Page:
Digital Pirates in Practice: Analysis of Market Transactions in Hong Kong's Pirate Software Arcades

By Walls, W. D.; Harvey, P. J. | International Journal of Management, June 2006 | Go to article overview

Digital Pirates in Practice: Analysis of Market Transactions in Hong Kong's Pirate Software Arcades


Walls, W. D., Harvey, P. J., International Journal of Management


The illegal copying and distribution of computer software, music, and films-known as digital piracy in industry parlance-is becoming an increasing problem around the world. In this paper, we discuss the institutional and operational details of the market for pirate software using first-hand knowledge obtained in Hong Kong's infamous computer arcades. To gain an understanding of this market for use in theoretical, empirical, and policy analysis, this preliminary study sets out the means through which potential consumers of pirate software reveal their demand, and the clever real-time supply chain that allows sellers to respond within an hour to consumer demand while protecting pirate suppliers from the downside risk of criminal prosecution and asset confiscation.

1. Introduction

What is a pirate software market and how does it function? How do demanders reveal their preferences to the suppliers of illegally copied software? How do the suppliers of pirate software satisfy their customers' demands while minimizing the risk that their entire capital stock-including the master of the software, the reproduction equipment, and their inventory of pirate copies-will be lost due to seizure by customs officials? We propose to answer these questions and others in this paper. We have undertaken the field work reported in this paper to fill a gap in our understanding of how the market for pirate software actually functions.

Markets for pirate software, like all other black markets, are inherently difficult to study due the illicit nature of the transactions. For this reason, direct quantification of the industry is difficult and researchers must resort to more indirect methods. For example, Moores and Dhillon (2000) conducted a survey in Hong Kong to examine the demand-side factors that are related to software piracy. Harvey and Walls (2003a, 2003b) employed the methodology of experimental economics in a series of papers that quantify the demand for pirated software in laboratory experiments conducted in Hong Kong and in Las Vegas.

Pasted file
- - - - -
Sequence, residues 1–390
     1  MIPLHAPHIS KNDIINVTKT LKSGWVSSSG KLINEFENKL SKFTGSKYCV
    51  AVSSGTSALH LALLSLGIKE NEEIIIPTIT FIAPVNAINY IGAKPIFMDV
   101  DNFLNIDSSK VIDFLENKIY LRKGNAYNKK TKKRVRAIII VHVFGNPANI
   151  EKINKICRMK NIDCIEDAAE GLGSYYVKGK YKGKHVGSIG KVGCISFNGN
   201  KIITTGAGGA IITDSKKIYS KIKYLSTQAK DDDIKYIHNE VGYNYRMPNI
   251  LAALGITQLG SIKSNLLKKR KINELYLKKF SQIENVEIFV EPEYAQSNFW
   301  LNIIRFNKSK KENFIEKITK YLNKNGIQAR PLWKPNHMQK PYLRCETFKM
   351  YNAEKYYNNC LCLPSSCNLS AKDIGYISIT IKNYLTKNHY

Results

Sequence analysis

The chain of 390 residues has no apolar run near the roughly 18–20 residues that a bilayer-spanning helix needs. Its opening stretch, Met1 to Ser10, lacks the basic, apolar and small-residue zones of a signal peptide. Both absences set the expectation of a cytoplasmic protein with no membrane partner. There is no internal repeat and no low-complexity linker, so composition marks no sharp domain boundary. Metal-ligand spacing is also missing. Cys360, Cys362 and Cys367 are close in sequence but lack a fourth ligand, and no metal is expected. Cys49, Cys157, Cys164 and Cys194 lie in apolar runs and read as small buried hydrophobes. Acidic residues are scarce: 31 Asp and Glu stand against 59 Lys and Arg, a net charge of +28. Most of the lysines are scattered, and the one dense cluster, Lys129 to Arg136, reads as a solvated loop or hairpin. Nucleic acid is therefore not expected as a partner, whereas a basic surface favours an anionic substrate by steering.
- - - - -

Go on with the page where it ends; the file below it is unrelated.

Digital piracy may depend on more than a simple cost-benefit calculation. For example, piracy is often not seen as theft on the part of the consumers of pirate software, and even when it is viewed as theft it is sometimes viewed as "striking a blow against ever-encroaching U.S. economic and cultural imperialism, or at the very least, 'stealing' from the rich" (Crawford, 2000, p. 11). Limayem, Khalifa, and Chin (1999) found in a study of Canadian university students that social factors significantly affected the propensity to illegally copy software. Their survey results are confirmed by the empirical analysis of Shin, Gopal, Saunders, and Whinston (2004) who find that cross-country variation in rates of software piracy are directly related to the degree of social collectivism.

Little research has focused on the supply side of digital piracy. A few studies have examined internet-based piracy of movies, such as the Byers et al. study of digital piracy focusing on the source of supply of movies posted on the internet, and the Kwok (2004) study of movie piracy on file-sharing networks. But for the most part, prior research has examined the demand side-either purchased on a black market or self-pirated-but researchers have not systematically examined the supply of pirate software. In particular, no prior research has examined the actual supply chain of a business enterprise selling pirate software.

This paper presents an analysis of the actual operation of the market for pirate software in Hong Kong. The purpose of the analysis is to increase our understanding of how such illicit markets actually function. The paper continues by taking a street-level view of the logistics of digital piracy.

2. Demand Revelation

Sellers of pirate software face a different demand revelation mechanism than to the developers of original software. The original developers invest substantial resources in research and development of new products, but do not know what the demand for the final product will be until it is released. …

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